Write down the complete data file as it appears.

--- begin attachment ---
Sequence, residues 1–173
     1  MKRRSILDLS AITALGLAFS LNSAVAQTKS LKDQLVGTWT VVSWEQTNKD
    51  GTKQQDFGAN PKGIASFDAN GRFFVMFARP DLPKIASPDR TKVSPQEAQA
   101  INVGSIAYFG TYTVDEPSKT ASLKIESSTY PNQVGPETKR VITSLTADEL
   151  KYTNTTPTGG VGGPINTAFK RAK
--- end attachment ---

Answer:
Sequence, residues 1–173
     1  MKRRSILDLS AITALGLAFS LNSAVAQTKS LKDQLVGTWT VVSWEQTNKD
    51  GTKQQDFGAN PKGIASFDAN GRFFVMFARP DLPKIASPDR TKVSPQEAQA
   101  INVGSIAYFG TYTVDEPSKT ASLKIESSTY PNQVGPETKR VITSLTADEL
   151  KYTNTTPTGG VGGPINTAFK RAK